In an alternate universe, King Oliver brushed his teeth three times a day, ate salads and drank soda water, thus changing the course of the twentieth century.
I have been reading and transcribing oral histories published in CADENCE for a book I am editing. I am deep into the conversation Louis Armstrong had with the young editor Bob Rusch at Louis’ home in Corona, Queens — February 7, 1969. Louis happily talks about being mentored (and parented) by Papa Joe — but also that Stella Oliver would make meals for the three of them:
Any of the moments with King Oliver were always choice with me. When I first came from New Orleans to Chicago to play in King Oliver’s band, I used to have my meals with King Oliver and his wife. Whatever she cooked for him, she cooked for me. I enjoyed that, she’d fix mine the same, big pot of rice and beans. A big old tin can, like a peach can, full of water he put about a half pound of sugar in it. That’s what he called “sweet water.” That’s what he liked and I’d have sweet water, too. Every moment was choice with Joe Oliver.
When Joe Oliver went north to Chicago, and asked Little Louis to join him, the King was already in his fifties; his teeth and gums were already deteriorating: regular dental care was for the affluent. “Pyorrhea” is the ominous name for the disease that meant the end of his reign as King.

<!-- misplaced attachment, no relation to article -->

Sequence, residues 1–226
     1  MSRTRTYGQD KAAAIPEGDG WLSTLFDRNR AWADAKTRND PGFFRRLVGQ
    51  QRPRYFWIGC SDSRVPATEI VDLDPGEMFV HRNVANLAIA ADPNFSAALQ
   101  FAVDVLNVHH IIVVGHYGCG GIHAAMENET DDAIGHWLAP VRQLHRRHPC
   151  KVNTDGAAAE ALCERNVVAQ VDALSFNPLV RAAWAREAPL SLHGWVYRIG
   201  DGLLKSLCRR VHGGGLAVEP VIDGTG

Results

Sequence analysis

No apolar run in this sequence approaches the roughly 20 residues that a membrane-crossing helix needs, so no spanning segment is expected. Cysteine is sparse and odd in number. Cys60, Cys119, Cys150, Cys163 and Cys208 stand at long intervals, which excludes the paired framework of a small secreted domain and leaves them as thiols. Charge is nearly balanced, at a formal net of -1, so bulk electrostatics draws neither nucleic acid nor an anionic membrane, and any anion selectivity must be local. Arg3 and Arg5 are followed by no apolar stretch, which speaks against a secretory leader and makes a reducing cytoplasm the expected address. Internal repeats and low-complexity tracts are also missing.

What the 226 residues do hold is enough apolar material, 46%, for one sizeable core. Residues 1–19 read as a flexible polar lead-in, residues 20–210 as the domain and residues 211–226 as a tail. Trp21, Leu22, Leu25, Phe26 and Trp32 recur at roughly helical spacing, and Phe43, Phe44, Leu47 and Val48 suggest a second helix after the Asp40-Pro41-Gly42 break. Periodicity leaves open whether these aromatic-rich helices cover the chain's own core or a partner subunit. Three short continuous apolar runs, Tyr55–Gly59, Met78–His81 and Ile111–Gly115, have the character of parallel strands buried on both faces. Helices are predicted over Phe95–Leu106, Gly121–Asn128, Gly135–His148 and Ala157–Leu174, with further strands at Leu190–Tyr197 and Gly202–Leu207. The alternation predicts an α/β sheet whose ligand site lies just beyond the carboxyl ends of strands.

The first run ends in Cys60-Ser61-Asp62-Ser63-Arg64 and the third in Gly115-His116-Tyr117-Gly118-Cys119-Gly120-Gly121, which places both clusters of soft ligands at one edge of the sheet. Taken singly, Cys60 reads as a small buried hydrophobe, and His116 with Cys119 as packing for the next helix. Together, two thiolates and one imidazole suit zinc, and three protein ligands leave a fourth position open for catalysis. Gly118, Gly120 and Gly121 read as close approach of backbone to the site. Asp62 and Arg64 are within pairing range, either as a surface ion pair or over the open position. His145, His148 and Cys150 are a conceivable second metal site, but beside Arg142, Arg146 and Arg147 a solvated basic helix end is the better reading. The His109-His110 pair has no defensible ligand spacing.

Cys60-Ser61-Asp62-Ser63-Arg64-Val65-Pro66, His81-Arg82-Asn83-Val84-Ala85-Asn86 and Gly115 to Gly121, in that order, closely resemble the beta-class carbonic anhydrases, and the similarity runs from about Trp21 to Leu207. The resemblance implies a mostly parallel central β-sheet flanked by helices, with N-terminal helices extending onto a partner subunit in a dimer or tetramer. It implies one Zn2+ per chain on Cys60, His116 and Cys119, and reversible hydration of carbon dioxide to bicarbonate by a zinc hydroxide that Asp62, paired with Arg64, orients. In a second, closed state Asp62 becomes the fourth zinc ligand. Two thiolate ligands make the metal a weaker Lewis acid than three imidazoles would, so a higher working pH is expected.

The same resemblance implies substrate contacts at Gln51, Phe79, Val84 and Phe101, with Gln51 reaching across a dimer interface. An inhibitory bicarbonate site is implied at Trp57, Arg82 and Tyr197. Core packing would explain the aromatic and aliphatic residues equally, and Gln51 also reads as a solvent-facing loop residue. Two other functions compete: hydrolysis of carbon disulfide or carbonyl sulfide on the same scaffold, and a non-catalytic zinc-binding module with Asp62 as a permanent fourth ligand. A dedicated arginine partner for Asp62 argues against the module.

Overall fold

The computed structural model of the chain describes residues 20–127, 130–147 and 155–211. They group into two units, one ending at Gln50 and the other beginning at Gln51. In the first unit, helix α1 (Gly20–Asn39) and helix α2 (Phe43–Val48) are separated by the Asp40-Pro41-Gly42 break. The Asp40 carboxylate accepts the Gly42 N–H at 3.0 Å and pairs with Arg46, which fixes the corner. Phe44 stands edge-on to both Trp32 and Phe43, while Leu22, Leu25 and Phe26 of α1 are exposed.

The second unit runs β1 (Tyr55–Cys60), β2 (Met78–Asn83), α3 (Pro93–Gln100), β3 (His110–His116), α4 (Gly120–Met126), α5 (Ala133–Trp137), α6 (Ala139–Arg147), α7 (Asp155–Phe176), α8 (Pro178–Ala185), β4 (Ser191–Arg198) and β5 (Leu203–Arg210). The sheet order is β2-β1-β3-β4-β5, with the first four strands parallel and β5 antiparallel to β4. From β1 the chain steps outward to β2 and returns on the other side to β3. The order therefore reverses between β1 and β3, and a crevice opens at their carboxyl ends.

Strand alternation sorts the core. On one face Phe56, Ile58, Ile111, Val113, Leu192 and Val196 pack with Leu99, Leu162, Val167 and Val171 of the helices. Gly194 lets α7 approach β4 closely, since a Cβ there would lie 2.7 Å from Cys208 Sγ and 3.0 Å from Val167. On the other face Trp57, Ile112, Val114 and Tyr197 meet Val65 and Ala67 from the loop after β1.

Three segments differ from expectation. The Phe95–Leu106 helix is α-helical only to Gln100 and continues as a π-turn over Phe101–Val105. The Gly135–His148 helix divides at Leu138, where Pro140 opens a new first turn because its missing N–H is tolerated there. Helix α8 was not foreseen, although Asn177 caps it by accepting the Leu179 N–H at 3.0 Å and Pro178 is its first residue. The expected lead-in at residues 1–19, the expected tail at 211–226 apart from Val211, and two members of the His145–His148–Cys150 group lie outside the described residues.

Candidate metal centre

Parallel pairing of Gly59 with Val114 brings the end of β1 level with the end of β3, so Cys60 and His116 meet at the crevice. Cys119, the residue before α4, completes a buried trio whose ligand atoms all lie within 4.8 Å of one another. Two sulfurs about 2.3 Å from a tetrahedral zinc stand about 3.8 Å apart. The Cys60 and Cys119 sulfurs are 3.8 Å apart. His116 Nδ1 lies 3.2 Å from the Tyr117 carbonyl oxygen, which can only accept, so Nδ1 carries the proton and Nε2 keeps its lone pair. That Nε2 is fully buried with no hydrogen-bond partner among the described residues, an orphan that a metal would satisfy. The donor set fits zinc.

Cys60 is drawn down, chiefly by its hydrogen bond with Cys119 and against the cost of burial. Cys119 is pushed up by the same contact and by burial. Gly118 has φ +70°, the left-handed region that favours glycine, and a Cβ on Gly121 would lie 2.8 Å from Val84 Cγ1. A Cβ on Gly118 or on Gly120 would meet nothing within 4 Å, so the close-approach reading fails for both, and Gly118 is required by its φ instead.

But we can trace these events back to the genetic predisposition for all things sweet that Joe allowed to dominate his diet. Had Oliver tended towards other dietary weaknesses; had he (like Bunk Johnson) a better dentist to make him more effective dentures . . . would he have asked Louis to come up to Chicago and play second cornet? Louis, for his part, recognized this as the opportunity of a lifetime — and it started him on his path to worldwide fame. Only later did he recognize that Joe Oliver’s motives were not entirely selfless; the King told other musicians that as long as he had Little Louis in his band “he can’t hurt me,” by outshining him on his own. But what if Joe’s self-protectiveness turned out to be generosity to the world?
But young Louis seems to have been deeply grateful and perhaps a little complacent (“All I want to do is blow the horn,” he said more than once during his career). Might he have stayed in New Orleans forever — recording in 1925 or 1927, then again twenty years later — a local legend without the global reputation?
The little things that shape our paths in life! When you consider how you got to be where you are (however you define “where”) ask yourself: how much of it is intent, how much accident — good or bad — or things that seemed irrelevant at the time?
And here’s the soundtrack for those ruminations — courtesy of Louis, Barney Bigard, and Vic Dickenson in 1946:
May your happiness increase.